With any job, there is the likelihood of encountering tasks or situations that don’t exactly make it into the job description. This holds particularly true in a business as unpredictable as claims adjusting. A group of Crawford claims adjusters commented on what surprised them the most about claims adjusting. The results are, well, surprising.
Sometimes as you progress in a job, you discover skills or talents you may not have known even existed, something that Bill Stewart, national general adjuster in Jacksonville, Fla., discovered about claims adjusting. “The second biggest surprise to me is that a person who hated math and science actually became proficient and enjoyed this kind of work, which is full of math and science.”
Day and Night
Claims adjusters face all kinds of working conditions, from routine property claims to catastrophic events, and often don’t stick to a regular schedule, ensuring no two days are alike, says Harry Rinehart, casualty general adjuster II in Allentown, Pa. “Like the Postal Service, we must do our work in all sorts of weather, as well as in the middle of the day or in the middle of the night, and sometimes when you least expect it.”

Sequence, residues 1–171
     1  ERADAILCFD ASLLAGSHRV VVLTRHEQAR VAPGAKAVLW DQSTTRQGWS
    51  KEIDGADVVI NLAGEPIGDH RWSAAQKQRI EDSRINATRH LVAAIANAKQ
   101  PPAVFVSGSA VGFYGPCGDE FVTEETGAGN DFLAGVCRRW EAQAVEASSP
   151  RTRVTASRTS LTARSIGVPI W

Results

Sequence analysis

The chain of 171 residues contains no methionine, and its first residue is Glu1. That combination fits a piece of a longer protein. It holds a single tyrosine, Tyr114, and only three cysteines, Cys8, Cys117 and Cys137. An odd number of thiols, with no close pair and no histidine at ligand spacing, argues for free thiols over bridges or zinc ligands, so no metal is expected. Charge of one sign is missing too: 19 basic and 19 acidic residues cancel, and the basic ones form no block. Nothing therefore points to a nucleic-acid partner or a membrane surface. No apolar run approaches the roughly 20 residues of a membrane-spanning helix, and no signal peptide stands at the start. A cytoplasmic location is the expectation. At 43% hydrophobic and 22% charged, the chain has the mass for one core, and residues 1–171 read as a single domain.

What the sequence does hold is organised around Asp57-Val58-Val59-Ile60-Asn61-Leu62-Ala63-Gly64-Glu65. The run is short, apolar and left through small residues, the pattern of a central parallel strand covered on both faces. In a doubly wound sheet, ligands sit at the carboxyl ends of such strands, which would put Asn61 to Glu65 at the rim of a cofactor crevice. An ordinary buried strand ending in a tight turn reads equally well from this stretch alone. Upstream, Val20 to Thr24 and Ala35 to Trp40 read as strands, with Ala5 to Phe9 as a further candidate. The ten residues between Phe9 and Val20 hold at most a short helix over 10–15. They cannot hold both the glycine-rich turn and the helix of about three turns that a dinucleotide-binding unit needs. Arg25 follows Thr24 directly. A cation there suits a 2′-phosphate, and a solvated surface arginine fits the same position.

People Are People
Still, at its heart, claims adjusting is a business about helping people when they most need it, and our adjusters agree that the priority is to keep in mind that the claimant is a human being facing an issue that needs to resolved. “Most people are honest and are just looking for what they are entitled to under the policy,” Rinehart says. “There are some who will try to beat the system, but they are a small minority. Most who try soon realize they are real amateurs up against real professionals.”
Moreover, Linda Asberry, claims adjuster and supervisor for Catastrophe Services in Houston, Texas, also learned that, while the location of the claim may change, most claimants are going through the same situation. “I was surprised to learn in this field that no matter where you are, people are the same.”
When Bill Stewart began his career as a telephone adjuster, which is a position that performs many of the same duties as field adjusters but does not visit sites, he explains that he was very nervous meeting people face to face when he first went into the field. “What I found was that people in person were generally nicer and easier to work with than they were over the phone,” he says. “It was also an advantage to see what the issues were rather than just hear about them.”
What surprised you about your job? Let us know in the comments below.